It seems the time has come to rethink this whole cheerleader thing at NBA games. Not that they're actually cheerleaders. Once upon a time they led cheers, shouting out the name of their team with excitement and all the rest.
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Today their work is really just to dance while the men rest. That’s it, that’s the rationale. Dancing women, only women – not a chorus of mixed male and female dancers together. Only women. Dancing during time-outs.
Did I say dancing? It’s not dance as art or even dance as entertainment. No one dishes out hundreds of dollars on a ticket to see these women dance.
And they're not just dancers. There are all sorts of dancers, but the NBA cheerleader squads have a rather clear appearance code: long hair, large breasts, ample rear ends – identical to the look for strippers and the same dress code too. The cheerleaders change their costumes a number of times during the game, and all of them emphasize their assets the same way.
Women and children are in the crowd too, but the cheerleaders cater to the bachelor-party mentality: the sweaty male entertainment that ends in a puddle of vomit, men drinking beer, watching sports and gawking at women whose entire job is to look sexy. They don’t exactly dance. It would be more accurate to say they move with the beat because moving with the music is a justification for all the twerking butts and bouncing breasts. It's a disgusting sexist exhibition.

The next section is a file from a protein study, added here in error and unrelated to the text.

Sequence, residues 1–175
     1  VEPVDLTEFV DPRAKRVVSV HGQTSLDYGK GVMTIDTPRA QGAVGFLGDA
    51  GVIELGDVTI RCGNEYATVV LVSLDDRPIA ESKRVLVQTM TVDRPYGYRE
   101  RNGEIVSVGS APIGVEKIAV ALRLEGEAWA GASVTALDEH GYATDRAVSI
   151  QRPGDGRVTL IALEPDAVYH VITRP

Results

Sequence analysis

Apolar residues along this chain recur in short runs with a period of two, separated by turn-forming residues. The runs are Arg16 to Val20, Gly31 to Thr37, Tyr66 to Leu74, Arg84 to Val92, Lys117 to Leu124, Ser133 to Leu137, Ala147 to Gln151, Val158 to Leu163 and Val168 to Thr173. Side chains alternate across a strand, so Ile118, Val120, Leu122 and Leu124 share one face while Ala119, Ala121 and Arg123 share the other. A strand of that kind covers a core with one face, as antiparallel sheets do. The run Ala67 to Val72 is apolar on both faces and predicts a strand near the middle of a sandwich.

We can teach gender equality as much as we want, but the eyes know what they see: The men on the court are talented high achievers; they fight for fame and glory. The women are the “fair sex” – beauty is all they have. This is their entire job, to be an ornament, and anyone who doesn't look like a cheerleader isn't sexy.
Women don’t need brains, just T&A. That's the message of this magnificent American cultural institution: Women are like Donald Trump's fantasy, nothing else.
You can try as much as you want to teach men that women are equal and worthy of being treated equally, but when a man looks at the basketball court on his television screen, he sees women as mere objects of adornment whose only role on the court is to arouse him sexually. If we can speak honestly, without the hollow facade of “they really are good dancers; even Paula Abdul was once a cheerleader,” the cheerleaders are the softest side of the sex industry.